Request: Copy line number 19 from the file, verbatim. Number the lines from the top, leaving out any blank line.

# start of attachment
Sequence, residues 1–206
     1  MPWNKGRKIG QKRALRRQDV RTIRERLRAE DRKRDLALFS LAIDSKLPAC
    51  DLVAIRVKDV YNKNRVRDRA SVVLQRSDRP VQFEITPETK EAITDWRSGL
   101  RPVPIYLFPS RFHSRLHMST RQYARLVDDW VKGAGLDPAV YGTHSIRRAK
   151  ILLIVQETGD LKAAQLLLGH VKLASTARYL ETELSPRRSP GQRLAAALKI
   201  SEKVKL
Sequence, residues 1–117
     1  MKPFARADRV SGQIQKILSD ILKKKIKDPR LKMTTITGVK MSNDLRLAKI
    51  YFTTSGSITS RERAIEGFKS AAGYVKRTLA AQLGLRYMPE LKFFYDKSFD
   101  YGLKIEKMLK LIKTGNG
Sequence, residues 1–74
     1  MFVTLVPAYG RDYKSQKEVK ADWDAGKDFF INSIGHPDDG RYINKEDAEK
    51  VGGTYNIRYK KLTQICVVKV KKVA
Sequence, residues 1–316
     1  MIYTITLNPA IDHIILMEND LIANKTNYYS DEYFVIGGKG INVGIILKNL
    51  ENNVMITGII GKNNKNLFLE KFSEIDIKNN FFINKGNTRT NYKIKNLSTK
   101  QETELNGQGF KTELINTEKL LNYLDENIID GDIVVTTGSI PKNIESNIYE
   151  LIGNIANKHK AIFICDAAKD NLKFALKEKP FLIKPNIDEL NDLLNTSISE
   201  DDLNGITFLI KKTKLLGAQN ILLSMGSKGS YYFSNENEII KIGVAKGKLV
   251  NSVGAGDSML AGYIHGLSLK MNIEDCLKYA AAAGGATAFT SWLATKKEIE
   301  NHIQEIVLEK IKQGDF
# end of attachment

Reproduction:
   201  DDLNGITFLI KKTKLLGAQN ILLSMGSKGS YYFSNENEII KIGVAKGKLV